11. 11. | Home | Policies | Retrieval | Obsolescence | Deterioration | Authenticity | Intrinsic value | Ownership | Social / political | Environment | International work | Author | Any answers? International actions Photo: NASA The issues around preserving digital assets are being recognised worldwide. Below are links to some of the major projects. UK: The Digital Preservation Coalition The DPC is a partnership of major information organisations in the UK, including the British Library, the Public Record Office, University Research Libraries, and many other similar organisations. UK: the CEDARS project An electronic libraries project that has been broadly investigating issues around digital preservation. USA: The Digital Library Federation Good links and information on this topic, from this USA organisation. USA: the Research Libraries Group (RLG) Report: Digital preservation needs and requirements in RLG member institutions. Australia: PADI (Preserving Access to Digital Information) From the National Library of Australia. Subject gateway with excellent links to this topic Australia: PANDORA Preserving and Accessing Networked Documentary Resources of Australia "The cost of digital image preservation" The Social and Economic Implications of the Production, Distribution and Usage of Image Data. By Howard Besser & Robert Yamashita. Report funded by the Mellon Foundation, published 1998. School of Information Management & Systems, UC Berkeley. Practical challenges Long term realities Any answers? Preservation policies Intrinsic value International actions Retrieval and Ownership factors identification Social / political factors ********* Technical obsolescence Environment factors Physical deterioration About the author Authenticity Go to Conserve This footer does not appear when using a registered version of Web Snapper. © Copyright 2008 TastyApps.com (TM). All rights reserved.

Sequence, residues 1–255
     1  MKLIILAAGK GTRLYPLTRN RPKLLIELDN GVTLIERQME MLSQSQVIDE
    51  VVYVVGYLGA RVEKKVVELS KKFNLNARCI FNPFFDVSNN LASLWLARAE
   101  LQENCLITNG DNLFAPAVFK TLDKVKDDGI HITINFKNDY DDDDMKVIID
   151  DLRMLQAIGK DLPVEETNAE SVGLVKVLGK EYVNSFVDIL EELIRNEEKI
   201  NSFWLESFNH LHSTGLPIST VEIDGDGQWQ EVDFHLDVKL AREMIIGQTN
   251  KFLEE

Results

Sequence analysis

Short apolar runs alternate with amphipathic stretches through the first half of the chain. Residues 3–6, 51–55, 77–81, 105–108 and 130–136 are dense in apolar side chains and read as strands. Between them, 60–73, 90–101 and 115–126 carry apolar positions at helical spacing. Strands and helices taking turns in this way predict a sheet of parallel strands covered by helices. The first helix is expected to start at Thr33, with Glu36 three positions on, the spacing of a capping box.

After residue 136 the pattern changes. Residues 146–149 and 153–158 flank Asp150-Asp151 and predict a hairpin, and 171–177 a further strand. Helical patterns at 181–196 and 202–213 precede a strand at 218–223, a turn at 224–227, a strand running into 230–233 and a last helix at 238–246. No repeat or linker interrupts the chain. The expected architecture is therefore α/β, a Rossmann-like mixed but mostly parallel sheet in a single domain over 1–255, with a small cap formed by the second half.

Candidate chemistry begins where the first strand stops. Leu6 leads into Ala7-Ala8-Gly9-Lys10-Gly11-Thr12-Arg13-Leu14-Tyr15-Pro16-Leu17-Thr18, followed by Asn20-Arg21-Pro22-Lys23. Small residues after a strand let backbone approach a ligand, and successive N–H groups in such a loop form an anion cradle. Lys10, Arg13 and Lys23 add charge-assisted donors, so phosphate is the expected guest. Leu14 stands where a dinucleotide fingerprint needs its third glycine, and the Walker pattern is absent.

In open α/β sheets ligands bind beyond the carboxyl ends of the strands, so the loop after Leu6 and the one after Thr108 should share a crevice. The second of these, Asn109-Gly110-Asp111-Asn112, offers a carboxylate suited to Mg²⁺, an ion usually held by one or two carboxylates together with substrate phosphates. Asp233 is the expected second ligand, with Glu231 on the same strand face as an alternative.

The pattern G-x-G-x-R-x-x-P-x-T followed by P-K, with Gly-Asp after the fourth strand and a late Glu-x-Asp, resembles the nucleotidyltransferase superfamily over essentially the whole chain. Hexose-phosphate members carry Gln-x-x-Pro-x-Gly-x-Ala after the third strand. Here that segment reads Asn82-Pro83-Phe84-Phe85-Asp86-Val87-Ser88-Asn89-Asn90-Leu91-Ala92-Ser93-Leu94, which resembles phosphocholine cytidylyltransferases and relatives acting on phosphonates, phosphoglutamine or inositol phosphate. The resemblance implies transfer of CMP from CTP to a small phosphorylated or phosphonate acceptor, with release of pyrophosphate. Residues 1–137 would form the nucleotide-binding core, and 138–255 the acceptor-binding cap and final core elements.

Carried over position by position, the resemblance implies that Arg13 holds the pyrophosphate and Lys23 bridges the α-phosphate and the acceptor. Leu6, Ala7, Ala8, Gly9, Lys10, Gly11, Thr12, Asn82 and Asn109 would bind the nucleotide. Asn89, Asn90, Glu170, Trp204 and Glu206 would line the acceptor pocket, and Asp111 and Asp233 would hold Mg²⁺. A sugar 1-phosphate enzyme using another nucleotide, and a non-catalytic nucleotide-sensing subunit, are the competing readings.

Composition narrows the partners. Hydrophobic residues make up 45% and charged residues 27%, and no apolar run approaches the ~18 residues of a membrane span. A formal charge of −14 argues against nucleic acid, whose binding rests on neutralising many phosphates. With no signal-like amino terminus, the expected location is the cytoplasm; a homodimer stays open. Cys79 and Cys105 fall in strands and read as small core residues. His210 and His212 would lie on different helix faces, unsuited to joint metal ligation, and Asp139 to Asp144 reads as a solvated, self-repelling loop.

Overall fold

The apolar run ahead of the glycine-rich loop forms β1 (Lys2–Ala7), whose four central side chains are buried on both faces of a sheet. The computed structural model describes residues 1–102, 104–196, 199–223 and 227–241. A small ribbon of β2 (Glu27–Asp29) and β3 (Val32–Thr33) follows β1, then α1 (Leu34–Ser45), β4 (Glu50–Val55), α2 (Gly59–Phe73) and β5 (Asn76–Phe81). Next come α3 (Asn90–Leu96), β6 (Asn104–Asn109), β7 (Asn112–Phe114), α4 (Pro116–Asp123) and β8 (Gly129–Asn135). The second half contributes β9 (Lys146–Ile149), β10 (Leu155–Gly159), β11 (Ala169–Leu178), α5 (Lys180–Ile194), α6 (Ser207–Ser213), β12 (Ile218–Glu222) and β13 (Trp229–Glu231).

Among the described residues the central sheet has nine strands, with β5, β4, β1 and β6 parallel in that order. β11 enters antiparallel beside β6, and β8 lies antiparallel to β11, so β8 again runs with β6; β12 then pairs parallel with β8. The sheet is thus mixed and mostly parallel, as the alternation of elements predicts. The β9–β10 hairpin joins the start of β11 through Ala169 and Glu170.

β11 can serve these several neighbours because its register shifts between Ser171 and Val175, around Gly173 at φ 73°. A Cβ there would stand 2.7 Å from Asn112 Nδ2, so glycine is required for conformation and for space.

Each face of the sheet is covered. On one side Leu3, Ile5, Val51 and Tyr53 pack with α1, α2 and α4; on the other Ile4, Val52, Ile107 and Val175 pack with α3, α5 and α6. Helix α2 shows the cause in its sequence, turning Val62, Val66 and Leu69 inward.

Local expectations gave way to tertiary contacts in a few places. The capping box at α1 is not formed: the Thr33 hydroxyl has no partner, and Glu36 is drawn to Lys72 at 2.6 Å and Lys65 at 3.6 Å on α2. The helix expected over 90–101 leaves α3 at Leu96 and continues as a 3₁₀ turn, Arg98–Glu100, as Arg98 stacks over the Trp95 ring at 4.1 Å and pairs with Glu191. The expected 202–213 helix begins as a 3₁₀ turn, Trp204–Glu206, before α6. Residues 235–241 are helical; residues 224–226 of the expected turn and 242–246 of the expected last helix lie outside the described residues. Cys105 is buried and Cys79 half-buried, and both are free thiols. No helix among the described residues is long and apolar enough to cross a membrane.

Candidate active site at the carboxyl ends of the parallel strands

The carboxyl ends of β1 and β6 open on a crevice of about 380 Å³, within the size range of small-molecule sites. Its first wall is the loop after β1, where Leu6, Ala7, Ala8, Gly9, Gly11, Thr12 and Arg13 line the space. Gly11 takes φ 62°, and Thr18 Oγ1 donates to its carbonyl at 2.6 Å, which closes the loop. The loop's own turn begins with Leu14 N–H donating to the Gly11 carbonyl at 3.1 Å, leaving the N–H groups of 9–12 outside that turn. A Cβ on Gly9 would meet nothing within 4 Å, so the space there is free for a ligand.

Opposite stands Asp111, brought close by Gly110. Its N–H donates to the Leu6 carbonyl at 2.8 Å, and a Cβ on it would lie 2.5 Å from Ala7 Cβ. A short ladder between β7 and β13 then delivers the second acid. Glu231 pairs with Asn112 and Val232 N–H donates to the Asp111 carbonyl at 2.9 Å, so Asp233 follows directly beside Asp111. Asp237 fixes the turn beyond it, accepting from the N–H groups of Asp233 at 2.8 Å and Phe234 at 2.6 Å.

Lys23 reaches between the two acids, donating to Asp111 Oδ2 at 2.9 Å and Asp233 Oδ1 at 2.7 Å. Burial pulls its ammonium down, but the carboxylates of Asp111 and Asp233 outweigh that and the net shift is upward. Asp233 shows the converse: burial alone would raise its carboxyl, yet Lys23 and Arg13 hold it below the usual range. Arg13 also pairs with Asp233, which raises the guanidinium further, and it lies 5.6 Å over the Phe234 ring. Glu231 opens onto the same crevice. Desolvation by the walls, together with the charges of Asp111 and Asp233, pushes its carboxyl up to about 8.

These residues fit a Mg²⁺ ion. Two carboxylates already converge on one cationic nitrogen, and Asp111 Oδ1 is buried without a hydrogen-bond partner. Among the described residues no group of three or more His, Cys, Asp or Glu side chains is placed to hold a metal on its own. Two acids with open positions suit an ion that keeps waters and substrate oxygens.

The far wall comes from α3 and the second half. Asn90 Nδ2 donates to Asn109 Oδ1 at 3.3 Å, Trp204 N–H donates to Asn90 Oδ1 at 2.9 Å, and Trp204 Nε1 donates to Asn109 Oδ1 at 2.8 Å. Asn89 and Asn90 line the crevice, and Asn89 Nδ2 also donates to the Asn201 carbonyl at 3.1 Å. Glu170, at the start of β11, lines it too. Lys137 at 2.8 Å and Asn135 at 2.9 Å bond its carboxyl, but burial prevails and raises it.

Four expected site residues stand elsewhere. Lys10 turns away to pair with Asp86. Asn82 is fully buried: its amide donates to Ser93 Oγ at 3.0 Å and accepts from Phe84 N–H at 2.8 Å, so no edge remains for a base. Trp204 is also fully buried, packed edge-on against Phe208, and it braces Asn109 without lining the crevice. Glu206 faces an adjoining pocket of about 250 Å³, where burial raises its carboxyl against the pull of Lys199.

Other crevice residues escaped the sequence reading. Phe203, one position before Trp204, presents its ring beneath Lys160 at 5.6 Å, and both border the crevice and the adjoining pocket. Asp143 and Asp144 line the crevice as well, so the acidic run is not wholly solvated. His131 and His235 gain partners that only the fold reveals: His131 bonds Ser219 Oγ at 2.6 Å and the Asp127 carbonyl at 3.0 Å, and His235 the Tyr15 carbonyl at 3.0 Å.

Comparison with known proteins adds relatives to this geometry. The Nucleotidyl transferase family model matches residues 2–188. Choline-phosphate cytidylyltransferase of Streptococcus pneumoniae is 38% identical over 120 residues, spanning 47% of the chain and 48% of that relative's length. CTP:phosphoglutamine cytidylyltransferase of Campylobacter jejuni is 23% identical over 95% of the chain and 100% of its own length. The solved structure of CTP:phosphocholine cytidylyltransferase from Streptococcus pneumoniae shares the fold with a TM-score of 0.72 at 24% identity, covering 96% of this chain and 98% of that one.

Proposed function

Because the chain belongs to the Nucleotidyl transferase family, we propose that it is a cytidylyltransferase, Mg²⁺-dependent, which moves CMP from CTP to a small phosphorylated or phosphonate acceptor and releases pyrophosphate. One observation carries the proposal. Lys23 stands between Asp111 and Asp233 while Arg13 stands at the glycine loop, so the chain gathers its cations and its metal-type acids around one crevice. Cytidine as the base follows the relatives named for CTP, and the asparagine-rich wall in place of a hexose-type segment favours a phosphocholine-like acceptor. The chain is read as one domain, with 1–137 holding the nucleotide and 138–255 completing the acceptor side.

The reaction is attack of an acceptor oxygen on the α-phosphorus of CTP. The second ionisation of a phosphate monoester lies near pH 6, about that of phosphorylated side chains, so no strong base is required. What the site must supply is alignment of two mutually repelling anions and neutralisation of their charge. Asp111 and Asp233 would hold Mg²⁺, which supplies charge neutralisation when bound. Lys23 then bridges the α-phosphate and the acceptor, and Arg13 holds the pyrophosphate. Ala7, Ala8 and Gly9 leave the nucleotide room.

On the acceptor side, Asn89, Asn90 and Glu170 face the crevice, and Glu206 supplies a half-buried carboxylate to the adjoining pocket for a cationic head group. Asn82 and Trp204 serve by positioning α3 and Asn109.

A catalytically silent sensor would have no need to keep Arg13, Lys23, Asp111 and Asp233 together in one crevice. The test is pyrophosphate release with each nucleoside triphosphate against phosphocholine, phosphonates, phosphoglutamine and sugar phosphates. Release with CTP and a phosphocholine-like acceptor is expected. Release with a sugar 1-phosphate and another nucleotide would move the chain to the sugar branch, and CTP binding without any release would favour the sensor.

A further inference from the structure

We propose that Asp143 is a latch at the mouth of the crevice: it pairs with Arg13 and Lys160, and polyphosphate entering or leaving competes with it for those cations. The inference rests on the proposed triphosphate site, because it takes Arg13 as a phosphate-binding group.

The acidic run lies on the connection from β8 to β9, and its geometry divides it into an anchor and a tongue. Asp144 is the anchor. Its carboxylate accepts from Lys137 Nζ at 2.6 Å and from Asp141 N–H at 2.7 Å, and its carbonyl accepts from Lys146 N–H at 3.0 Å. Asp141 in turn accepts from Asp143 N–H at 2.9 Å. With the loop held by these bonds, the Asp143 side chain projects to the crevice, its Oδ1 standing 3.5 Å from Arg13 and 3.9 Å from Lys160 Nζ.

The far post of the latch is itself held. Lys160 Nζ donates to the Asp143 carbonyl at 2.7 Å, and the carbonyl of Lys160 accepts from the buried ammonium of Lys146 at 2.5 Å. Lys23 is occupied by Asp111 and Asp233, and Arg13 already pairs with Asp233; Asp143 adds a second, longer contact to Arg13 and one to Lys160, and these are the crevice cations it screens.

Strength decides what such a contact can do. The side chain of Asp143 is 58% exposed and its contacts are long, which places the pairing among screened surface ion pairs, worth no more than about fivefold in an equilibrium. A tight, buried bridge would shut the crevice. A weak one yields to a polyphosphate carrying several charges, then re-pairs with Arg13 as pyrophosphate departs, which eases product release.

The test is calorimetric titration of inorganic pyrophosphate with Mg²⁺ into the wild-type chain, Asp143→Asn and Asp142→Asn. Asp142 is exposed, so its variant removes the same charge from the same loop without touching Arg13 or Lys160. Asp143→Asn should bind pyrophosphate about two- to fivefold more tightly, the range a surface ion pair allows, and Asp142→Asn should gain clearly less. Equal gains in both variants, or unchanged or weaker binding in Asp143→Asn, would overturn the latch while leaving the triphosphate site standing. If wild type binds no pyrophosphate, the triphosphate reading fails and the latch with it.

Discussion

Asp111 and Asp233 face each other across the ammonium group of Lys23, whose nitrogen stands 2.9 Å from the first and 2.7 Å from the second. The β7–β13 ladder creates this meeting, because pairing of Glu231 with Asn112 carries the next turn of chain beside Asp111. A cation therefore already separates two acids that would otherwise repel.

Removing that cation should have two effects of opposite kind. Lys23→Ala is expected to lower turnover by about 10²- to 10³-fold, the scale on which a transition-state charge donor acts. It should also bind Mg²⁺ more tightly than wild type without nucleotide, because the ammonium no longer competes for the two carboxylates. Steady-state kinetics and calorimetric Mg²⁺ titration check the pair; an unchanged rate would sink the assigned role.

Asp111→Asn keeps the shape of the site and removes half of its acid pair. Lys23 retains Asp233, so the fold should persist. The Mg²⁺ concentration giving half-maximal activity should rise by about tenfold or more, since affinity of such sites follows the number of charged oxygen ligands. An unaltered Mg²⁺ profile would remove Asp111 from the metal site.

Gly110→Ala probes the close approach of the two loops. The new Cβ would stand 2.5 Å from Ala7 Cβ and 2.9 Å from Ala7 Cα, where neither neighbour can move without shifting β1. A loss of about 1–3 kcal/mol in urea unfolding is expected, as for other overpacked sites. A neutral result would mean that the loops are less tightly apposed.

12. 12. | Home | Policies | Retrieval | Obsolescence | Deterioration | Authenticity | Intrinsic value | Ownership | Social / political | Environment | International work | Author | Suzanne Keene As well as working as a consultant in museum collections care and digitisation, I jointly run the Masters programme in Museum Studies at University College London. Iéve worked in senior museum management for a number of years, most recently as Head of Collections Management in the Science Museum and Head of Conservation in the Museum of London. In both museums, I developed and introduced many new ways of managing and planning for collections care and digitisation. Before that, I worked in archaeological research organisations. I write a lot of articles, and I have authored two popular books, Managing Conservation in Museums, and Digital Collections: Museums and the Information Age. My main research areas are the usefulness of large scale collections, and the new field of the effects of information and communications technology on cultural organisations. Do visit my website: www.suzannekeene.info Practical challenges Long term realities Any answers? Preservation policies Intrinsic value International actions Retrieval and Ownership factors identification Social / political factors ********* Technical obsolescence Environment factors Physical deterioration About the author Authenticity Go to Conserve This footer does not appear when using a registered version of Web Snapper. © Copyright 2008 TastyApps.com (TM). All rights reserved.